Where is India's COVID-19 aid going? Ministries offer little clarity

Sagar Malik
·3-min read


Where is India
Where is India

04 May 2021: Where is India's COVID-19 aid going? Ministries offer little clarity

India has received tonnes of medical supplies from several friendly countries as aid in its fight against the catapulting coronavirus crisis.

But where are all these supplies headed?

Indian as well as foreign media have struggled to find that out, but to no avail. Even Union Ministries in India are unable to offer much clarity on the issue.

Here's more on this.

Details: Health, Home Ministries looking after domestic distribution, official says

An officer quoted by India Today said that all the foreign aid is being received by the Indian Red Cross.

It is then sent to the Ministry of External Affairs, and thereafter, the Ministry of Health and the Ministry of Home Affairs step in for domestic distribution.

However, reportedly, no Ministry offered any details about the distribution of COVID-19 relief consignments.

Details: Distribution of oxygen concentrators to reportedly begin by May 5

Officials in the Health Ministry who are in-charge of distributing these supplies have refused to comment on the matter, according to India Today.

Meanwhile, sources placed in the Health Ministry's COVID-19 task force told the publication that the dispatch of oxygen concentrators that are a part of the supplies received from abroad is likely to begin by May 5.

Fact: 'Movement of foreign aid currently being worked out'

Health Ministry spokesperson Lav Agrawal had said on Friday, "The Health Ministry is trying to understand and collect the foreign aid and supplies that are coming from other nations, various countries. Their logistics and movement is currently being worked out (sic)."

Questions: Questions about accountability also arising abroad

Similar questions are also being raised abroad.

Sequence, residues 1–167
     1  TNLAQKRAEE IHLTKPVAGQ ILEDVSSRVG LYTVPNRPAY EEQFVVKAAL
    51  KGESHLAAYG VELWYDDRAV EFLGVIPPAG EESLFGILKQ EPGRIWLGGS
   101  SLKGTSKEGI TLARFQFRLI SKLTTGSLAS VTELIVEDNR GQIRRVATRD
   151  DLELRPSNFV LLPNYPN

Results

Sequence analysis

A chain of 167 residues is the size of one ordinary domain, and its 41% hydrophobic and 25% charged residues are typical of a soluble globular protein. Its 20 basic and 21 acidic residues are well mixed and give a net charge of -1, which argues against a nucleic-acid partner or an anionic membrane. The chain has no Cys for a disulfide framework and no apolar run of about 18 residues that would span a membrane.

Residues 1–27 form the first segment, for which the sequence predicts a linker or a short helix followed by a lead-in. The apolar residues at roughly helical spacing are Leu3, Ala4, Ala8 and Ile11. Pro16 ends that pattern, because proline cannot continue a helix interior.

On Thursday, a journalist asked pertinent questions about the utilization of the US taxpayers' money.

"We are sending these planeloads of material...But our journalist in Delhi is reporting that even after trying for two days, he's been unable to find out who is taking away the oxygen concentrators, medicines, or how much is arriving," the reporter said.

Response: US official could not give a convincing answer

In response to that question, State Department Deputy Spokesperson Jalina Porter said they had no information about any specific website or portal in India to track the movement of foreign aid.

"But rest assured that the United States is committed to making sure that our partners in India are taken care of in this crisis," Porter reportedly said.

Opposition: Indian Opposition parties demand transparency from the government

Opposition parties in India have also called for transparency in the distribution of the foreign aid.

"The people of this country have a right to know where the relief material is coming from and where it is going. The government is busy with media management and headline management while people are dying due to shortage of oxygen," said Congress party spokesperson Pawan Khera.

Similar issue: India's PM-CARES Fund also said to lack transparency

In March last year, the Indian government had set up the Prime Minister's Citizen Assistance and Relief in Emergency Situations Fund (PM-CARES Fund) to fight the COVID-19 pandemic and other outbreaks in the future.

Many prominent public figures subsequently announced donations to that fund.

However, a section of the public and critics of the government have alleged the fund seriously lacks transparency and accountability.

Situation in India: US, other nations send relief as India fights COVID-19

Several countries have come forward to help as India has been gripped by a dreadful second wave of the coronavirus pandemic.

The country has been reporting lakhs of new infections and hundreds of deaths daily for the past few weeks.

The US, the UK, France and other nations have sent hundreds of oxygen concentrators, thousands of rapid coronavirus test kits, and N-95 face masks.